Through all of the devastating blows to his health, dialysis treatments, doctor appointments and hospital stays Jim continued to run his business, coach his kids’ sports teams and be a father and a husband. With his business partner’s help, Paragon Steel continued to thrive despite the added stress of Jim’s failing health. Learning to let go of the small things is what allowed Jim to focus on what was really important in his life, fragile as it was. The most important thing was to stay alive. So for a year, he drove himself to dialysis treatments all the while clinging to the hope that the organs would become available.
As Jim was leaving the dialysis treatment facility one day, he felt a bit off. The day wore on and he soon realized the feeling he was experiencing was the same one he had that day at Bruin Woods right before he passed out. Having learned not to ignore his body’s signals, he drove himself to the emergency room immediately. He was barely hanging on and Jim knew he was dying. His 50th birthday was just a few weeks away. His endocrinologist’s prediction was coming true. Was this how it was going to end?
Jim was clinging to what little life he had left. And that’s when the call came in. He was rushed by ambulance to Cedars-Sinai in Los Angeles where three teams of transplant specialists were already prepping for the surgeries. Twenty-one hours later, Jim had a new heart and a new kidney. The pancreas would have to wait until a later date so as not to put too much stress on his body.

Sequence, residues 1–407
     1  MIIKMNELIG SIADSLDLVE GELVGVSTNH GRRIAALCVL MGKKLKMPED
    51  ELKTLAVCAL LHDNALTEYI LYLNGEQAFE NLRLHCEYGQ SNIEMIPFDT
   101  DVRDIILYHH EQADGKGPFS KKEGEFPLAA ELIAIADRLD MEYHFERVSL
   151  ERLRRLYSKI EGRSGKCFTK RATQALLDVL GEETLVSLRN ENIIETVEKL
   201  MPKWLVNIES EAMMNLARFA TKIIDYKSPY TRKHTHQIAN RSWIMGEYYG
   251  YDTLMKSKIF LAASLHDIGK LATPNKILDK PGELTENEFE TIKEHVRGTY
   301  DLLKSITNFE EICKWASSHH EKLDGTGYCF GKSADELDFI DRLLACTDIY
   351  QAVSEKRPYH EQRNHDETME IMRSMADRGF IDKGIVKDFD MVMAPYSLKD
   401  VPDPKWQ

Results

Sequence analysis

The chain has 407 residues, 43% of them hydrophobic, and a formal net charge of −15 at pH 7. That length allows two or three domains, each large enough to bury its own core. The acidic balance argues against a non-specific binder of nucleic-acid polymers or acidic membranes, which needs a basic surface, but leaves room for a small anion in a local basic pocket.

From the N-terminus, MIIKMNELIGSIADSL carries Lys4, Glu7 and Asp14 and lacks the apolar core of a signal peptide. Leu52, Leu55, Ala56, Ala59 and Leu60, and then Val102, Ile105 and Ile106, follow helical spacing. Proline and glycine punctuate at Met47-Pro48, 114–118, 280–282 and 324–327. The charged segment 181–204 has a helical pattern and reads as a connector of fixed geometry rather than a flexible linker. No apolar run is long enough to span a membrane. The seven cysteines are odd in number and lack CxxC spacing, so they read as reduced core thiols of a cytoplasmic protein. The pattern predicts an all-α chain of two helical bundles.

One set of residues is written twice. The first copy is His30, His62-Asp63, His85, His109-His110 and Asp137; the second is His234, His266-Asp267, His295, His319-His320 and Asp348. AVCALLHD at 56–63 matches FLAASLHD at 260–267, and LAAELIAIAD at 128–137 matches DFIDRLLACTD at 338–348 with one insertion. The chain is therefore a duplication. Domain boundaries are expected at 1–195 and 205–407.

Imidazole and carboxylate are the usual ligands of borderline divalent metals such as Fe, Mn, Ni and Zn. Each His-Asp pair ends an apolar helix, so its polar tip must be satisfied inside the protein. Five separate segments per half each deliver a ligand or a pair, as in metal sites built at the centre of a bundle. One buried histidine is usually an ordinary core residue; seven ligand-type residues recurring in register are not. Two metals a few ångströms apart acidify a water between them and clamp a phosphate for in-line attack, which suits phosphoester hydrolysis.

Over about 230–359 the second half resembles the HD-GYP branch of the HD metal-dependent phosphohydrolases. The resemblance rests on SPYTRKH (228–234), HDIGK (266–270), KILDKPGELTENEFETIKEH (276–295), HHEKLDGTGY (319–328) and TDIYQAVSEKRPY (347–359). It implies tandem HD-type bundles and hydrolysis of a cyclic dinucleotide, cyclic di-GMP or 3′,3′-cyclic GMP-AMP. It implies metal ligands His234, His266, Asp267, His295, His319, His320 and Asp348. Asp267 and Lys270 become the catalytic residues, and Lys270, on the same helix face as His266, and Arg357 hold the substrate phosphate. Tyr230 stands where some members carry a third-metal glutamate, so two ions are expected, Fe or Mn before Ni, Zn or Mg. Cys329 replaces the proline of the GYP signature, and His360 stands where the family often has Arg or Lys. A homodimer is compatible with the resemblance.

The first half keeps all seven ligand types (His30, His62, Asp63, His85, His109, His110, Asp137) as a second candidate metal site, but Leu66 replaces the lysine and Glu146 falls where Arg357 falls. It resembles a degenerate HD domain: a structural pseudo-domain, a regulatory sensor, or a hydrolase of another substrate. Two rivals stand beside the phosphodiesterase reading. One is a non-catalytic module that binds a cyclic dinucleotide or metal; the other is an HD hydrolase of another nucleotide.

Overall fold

The Angel of Hope
Brice Fabing was a dark-haired, handsome, athletic senior at Lompoc High School when he lost his life in a tragic car accident. Through their immense grief, his family made the loving decision to donate his organs so others may live. His picture hangs in Jim’s kitchen as a daily reminder of how precious life is. “Most transplant recipients don’t ever meet their donor’s family,” said Jim. But the Fabings were open to meeting the man whose life their son saved. During the first meeting of what has become a special bond between the two families, Dorine Fabing placed her head on Jim’s chest so she could hear her son’s heartbeat. Jim attended what would have been Brice’s high school graduation in 2006 and the two families participate each year in Donate Life California 5K Walk Run. In 2016 Jim rode on the Tournament of Roses Parade float sponsored by Donate Life holding a photograph of Brice. “They're like my second family and we kind of share this commonality that I would have never predicted. So it's very unique” he said.